Between 1999 and 2001, archaeological excavations undertaken just south of the town of Delémont prior to the construction of the A16 Transjurane motorway led to the discovery of five sites dating to the metal ages: Le Tayment, La Beuchille, La Deute, Les Prés de La Communance and La Communance. All contained remains of Late Bronze Age occupations and most produced finds dating to the Late Iron Age. Two sites furnished evidence of Early Iron Age settlements.

The geology of the sites is discussed in the first section of this volume (chap. 2). After placing each site in its geomorphological context and presenting their general stratigraphy, particular problems posed by three of the five sites (Le Tayment, La Deute and Les Prés de La Communance) are examined in detail. The concluding part of this analysis consists of a discussion of the palaeoenvironment and human impact on sediment formation.

The features and the finds discovered at each site are described in the following five chapters.

The site of Le Tayment (chap. 3) is very small, not only in terms of its excavated surface, but also in the number of features and finds. Any conclusion must therefore remain doubtful. We can roughly date the first occupation to the Late Bronze Age, the second probably occurred during the early or the middle phase of the Late Iron Age. The rare features do not permit any firm conclusions about settlement type or extent, but they are probably the remains of an isolated farmstead.

La Beuchille (chap. 4) lies on a wide and in modern times intensively cultivated terrace. Agriculture seems to have obliterated the original archaeological layers and destroyed some of the features as well as thoroughly mixed the finds. The majority of the artefacts can be assigned to the first, Late Bronze Age occupation (Ha B2). Any surviving prehistoric features also appear to belong to this phase. Several finds date to the Late Iron Age, others to the roman period and document a limited or temporary occupation of the site at these times. Among the undated finds is a small assemblage of iron slag and hammerscale, the scant remains of a smithy established during the Late Iron Age or the roman period.

La Deute (chap. 5) occupies a narrow terrace in a lateral valley and revealed traces of two occupations. The older phase dates to the Late Bronze Age (Ha B1/ early B2). The original archaeological layer has been completely eroded and the buildings were probably situated just to the southwest of the excavated area. Two fragments of wire fibulae date the second phase to the Late Iron Age (La Tène C2/D1a). At this time, an isolated farmstead occupied most of the terrace. Two post-built buildings and several pits cover the northern half of the site, while the southern part revealed traces of a smithy.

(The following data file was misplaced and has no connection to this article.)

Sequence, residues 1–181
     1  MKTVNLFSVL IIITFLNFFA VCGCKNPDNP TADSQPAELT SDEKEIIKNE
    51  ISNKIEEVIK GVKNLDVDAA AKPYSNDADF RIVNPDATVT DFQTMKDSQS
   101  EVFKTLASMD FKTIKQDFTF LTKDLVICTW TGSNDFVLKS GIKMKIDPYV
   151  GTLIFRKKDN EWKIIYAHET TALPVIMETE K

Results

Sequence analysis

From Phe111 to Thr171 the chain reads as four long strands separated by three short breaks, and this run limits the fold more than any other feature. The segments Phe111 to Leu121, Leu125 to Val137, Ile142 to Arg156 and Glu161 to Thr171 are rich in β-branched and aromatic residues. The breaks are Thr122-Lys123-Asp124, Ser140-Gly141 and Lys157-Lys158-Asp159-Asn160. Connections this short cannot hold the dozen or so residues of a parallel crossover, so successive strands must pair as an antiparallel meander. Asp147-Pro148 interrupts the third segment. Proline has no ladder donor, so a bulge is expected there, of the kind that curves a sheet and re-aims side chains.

Les Prés de La Communance (chap. 6) is the largest site and consists of four independent occupation zones. They were occupied respectively at the end of the Late Bronze Age (Ha B3, zone A), during the Early Iron Age (Ha C, zone D), the early phase of the Late Iron Age (zone C) and probably the middle phase of the Late Iron Age (zone B). Excepting A, every zone provided clear plans of post-built structures. They represent the remains of isolated farmsteads consisting of one to three buildings of varying function. The assemblages consist mostly of potsherds. Several fragments of pottery made with pyroxene-enriched clay were found in zone C, confirming the Early La Tène date of this particular farmstead and proof of economic ties to the Kaiserstuhl region in the Upper Rhine Valley, nearest source of pyroxene-enriched clay.

The site of La Communance (chap. 7) is best known for its roman mausoleum, but also provided finds dating to two, possibly three prehistoric periods. Most of the prehistoric pottery can be assigned to the Late Bronze Age (Ha B3) and were found in disturbed sediments displaced during the construction or the demolition of the roman mausoleum. The absence of features or in situ finds renders any further interpretation of this occupation impossible. Two complete pottery vessels found during the 1948 excavation belong to a second occupation dating to the Early Iron Age (Ha C or D1). Traces of fire and burnt bones, badly documented at the time, suggest the presence of an Early Iron Age cemetery about 300 m to the north of the roman mausoleum. A small number of potsherds found in the layers associated with the mausoleum appear to date to a late phase of the Late Iron Age, but they could also belong to vessels made in the Celtic tradition during roman times and deposited during the construction of the monument.

In the concluding section of the volume, the results obtained from the different sites are correlated and discussed in the regional context. In the Delémont Valley, little is known about prehistoric settlement before the Bronze Age. A considerable number of Late Bronze Age sites were documented in recent years and can be inserted into a chronological framework. Numerous features and finds from the Iron Age document the subsequent settlements. However, little can as yet be said about local Bronze Age architecture. The oldest house plans date to the Iron Age (Halstatt C) and usually represent single-aisled post-built structures of modest size. Standing alone or in small groups, these buildings represent the remains of isolated farmsteads. The absence of similar features from the Late Bronze Age sites of the Delémont Valley probably indicates a preference for other building techniques that do not require the use of posts, such as frame construction based on sill beams or Blockbau.

Translation: Robert Fellner